Latest Emiliania huxleyi Stories
Some species of marine phytoplankton, such as the prolific bloomer Emiliania huxleyi, can grow without consuming vitamin B1 (thiamine), researchers have discovered.
A year-long experiment on tiny ocean organisms called coccolithophores suggests that the single-celled algae may still be able to grow their calcified shells even as oceans grow warmer and more acidic in Earth's near future.
Researchers have sequenced the genome of Emiliania huxleyi ("Ehux"), a species of single-celled photosynthetic marine algae that they say is responsible for removing carbon dioxide from the air, supplying the oxygen we breath, and even forming the basis of marine food chains.
Sorting through the vast amounts of genetic data from the Black Sea sediment record, Woods Hole Oceanographic Institution (WHOI) marine paleoecologist Marco Coolen was astounded by the variety of past plankton species that left behind their genetic makeup.
Marine scientists have long understood the detrimental effect of fossil fuel emissions on marine ecosystems.
Microscopic ocean algae called coccolithophores are providing clues about the impact of climate change both now and many millions of years ago.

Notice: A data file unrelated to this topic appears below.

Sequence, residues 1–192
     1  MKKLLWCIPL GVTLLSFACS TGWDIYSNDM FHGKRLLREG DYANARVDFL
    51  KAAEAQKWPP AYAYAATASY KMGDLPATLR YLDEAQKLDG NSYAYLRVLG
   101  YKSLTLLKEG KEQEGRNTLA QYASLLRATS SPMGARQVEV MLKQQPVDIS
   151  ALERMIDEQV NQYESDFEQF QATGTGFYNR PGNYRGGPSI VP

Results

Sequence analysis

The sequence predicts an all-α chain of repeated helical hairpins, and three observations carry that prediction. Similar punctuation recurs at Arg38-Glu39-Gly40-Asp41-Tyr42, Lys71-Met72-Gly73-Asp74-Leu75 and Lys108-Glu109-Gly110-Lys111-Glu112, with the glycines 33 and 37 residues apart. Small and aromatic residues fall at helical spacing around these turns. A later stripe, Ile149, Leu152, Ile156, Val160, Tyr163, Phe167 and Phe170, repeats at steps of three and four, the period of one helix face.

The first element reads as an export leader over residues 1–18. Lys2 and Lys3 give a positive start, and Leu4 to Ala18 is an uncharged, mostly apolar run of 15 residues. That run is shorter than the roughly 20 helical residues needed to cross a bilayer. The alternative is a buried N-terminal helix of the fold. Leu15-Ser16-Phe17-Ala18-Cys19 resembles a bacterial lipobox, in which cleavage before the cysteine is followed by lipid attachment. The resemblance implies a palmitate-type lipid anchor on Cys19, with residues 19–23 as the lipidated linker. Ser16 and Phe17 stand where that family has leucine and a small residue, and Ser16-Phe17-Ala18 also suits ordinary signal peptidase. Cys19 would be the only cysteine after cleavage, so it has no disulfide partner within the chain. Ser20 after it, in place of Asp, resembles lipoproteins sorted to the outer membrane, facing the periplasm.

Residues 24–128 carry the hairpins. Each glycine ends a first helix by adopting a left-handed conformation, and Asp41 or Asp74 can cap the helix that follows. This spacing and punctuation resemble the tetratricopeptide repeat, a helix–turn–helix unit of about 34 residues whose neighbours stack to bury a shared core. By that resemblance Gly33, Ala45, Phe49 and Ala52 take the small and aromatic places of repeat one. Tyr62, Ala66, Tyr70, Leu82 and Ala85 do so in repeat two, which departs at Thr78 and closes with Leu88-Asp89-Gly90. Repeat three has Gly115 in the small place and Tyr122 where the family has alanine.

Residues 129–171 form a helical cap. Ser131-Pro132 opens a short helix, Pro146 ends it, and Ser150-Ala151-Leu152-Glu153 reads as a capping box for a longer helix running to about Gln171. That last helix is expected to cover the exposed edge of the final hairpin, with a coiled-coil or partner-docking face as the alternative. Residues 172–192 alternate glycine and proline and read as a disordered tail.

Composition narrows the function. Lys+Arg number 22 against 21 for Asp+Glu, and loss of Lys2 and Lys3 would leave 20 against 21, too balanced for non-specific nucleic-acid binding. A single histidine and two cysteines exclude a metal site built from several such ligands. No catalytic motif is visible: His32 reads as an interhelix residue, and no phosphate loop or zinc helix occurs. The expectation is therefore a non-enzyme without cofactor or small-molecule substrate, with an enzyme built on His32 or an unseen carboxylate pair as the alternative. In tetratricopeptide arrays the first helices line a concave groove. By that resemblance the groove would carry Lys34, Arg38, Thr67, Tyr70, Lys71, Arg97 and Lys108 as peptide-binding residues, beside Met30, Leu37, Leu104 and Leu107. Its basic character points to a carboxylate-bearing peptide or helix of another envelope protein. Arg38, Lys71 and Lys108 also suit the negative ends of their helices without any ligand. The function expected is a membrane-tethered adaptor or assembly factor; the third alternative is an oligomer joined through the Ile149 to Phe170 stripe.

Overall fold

The tiny phytoplankton Emiliania huxleyi, invisible to the naked eye, plays an outsized role in drawing carbon from the atmosphere and sequestering it deep in the seas.
Sediments buried beneath the Black Sea contain ancient virus and host DNA.
A study led by Dr Stuart Painter of the National Oceanography Centre helps explain the formation of huge phytoplankton blooms off the southeast coast of South America during the austral summer (December-January).
Coccolithovirus, a giant double-stranded DNA virus, infects Emiliania huxleyi, a species of coccolithophore. The virus was first observed in 1999 by W.H. Wilson and his team at the Marine Biological Association. It was sequenced for the EhV-86 strain during the summer of 2005, and was found to be a "giant-virus" having 472 protein-coding genes. It is the largest known marine virus by genome.
- Withering but not falling off, as a blossom that persists on a twig after flowering.